Pilot Certification, Age of Pilot, and Drug Use in Fatal Civil Aviation Accidents
Introduction: This study examined the association between mean age of pilot, pilot license, pilot medical certificate and drug use trends in pilots fatally injured in aircraft accidents. The prevalence of prescription drugs, OTC drugs, controlled drugs and drugs that may be potentially impairing was also examined. METHODS: This study was a descriptive observational study in which the NTSB Aviation Accident Database was searched from the period beginning January 1, 2012 to December 31, 2014. RESULTS: During the study period a total of 706 accidents involving 711 fatalities were investigated by the NTSB. This study included 633 of these accidents, involving 646 fatalities. Of these pilots, 42.1% had drugs in their biological samples. The prevalence of prescription drugs, controlled drugs, OTC drugs, opioids, and potentially impairing drugs in the fatally injured pilot population over the study period was 28.9%, 15.0%, 20.1%, 5.1%, and 25.5%, respectively. Pilots with any drugs in their samples were significantly older than those without drugs. Medical certificate held was associated with drug use; pilots who held third class certificates had the highest prevalence at 54.1%. Pilot license was not associated with drug use. In 3.8% of the accidents, drugs were a contributing factor in the cause. DISCUSSION: Despite current FAA medical regulations, potentially impairing drugs are frequently found in biological samples of fatally injured pilots in the U.S. More education of airmen by aviation medical examiners is needed on the safety of drug use.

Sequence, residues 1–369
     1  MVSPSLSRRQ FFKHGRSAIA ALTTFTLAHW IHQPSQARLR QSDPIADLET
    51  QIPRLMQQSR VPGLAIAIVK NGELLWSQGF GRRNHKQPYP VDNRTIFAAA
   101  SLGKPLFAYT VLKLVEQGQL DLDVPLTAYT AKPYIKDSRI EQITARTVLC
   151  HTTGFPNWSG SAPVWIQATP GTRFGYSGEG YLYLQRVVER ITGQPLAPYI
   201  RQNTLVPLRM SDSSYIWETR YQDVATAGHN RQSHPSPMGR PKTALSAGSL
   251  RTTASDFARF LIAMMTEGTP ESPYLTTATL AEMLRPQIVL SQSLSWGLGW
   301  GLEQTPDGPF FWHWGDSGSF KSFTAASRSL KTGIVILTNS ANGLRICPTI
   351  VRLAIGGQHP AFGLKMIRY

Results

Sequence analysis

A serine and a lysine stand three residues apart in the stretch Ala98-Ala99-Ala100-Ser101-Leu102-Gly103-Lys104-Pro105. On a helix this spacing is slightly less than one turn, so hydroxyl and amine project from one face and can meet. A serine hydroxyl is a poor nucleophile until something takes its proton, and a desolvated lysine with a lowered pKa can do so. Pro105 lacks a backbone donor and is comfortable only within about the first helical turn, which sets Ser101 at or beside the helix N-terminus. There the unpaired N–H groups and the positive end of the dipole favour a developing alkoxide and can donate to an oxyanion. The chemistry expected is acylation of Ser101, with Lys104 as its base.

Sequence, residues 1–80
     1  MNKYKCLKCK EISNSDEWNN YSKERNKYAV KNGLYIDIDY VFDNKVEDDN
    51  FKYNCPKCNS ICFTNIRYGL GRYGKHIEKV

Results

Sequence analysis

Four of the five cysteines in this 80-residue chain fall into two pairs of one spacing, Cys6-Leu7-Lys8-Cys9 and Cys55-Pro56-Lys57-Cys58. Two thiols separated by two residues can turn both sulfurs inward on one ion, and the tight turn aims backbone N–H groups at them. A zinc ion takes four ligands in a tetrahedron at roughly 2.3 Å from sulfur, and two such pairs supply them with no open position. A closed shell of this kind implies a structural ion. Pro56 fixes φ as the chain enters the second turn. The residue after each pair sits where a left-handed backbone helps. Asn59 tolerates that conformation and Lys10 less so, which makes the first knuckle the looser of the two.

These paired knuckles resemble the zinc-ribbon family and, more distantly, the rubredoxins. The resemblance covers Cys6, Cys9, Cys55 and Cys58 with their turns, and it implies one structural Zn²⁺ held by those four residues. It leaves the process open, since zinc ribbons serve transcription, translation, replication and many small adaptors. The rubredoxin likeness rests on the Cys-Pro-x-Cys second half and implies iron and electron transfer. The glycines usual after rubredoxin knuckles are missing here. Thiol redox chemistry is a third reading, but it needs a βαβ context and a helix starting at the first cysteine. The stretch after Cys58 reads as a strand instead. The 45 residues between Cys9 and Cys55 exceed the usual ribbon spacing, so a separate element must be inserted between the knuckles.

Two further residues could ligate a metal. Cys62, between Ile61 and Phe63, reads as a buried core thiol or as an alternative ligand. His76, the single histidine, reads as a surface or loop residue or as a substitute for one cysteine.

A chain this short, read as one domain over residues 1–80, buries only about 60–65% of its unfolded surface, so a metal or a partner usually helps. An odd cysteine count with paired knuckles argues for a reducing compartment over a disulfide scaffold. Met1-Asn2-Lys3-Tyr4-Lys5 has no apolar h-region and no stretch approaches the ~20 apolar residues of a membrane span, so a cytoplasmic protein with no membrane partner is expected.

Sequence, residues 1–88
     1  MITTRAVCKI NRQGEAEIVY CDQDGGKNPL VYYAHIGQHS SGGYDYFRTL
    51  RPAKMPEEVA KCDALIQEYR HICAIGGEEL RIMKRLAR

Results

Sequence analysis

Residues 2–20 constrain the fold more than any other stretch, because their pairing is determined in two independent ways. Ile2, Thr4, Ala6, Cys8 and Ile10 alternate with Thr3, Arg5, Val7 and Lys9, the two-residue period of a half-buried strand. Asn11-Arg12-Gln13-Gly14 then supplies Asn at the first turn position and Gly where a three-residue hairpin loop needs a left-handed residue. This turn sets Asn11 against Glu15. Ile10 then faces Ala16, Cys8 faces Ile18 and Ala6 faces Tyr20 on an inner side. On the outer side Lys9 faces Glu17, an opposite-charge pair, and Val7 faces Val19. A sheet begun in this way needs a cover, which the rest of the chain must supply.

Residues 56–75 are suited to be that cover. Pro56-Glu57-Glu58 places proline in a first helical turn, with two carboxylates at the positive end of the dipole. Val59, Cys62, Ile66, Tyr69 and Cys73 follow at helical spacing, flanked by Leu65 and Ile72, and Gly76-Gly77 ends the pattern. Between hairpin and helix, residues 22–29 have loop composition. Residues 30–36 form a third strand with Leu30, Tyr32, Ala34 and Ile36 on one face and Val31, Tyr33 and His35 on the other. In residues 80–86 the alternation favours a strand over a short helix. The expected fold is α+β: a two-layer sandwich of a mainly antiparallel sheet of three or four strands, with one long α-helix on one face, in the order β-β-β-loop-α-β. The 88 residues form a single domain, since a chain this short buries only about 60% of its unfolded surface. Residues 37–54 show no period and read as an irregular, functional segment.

& Stolfi, A.
(2017). Pilot Certification, Age of Pilot, and Drug Use in Fatal Civil Aviation Accidents. Aerospace Medicine and Human Performance, 88 (10), 931-936.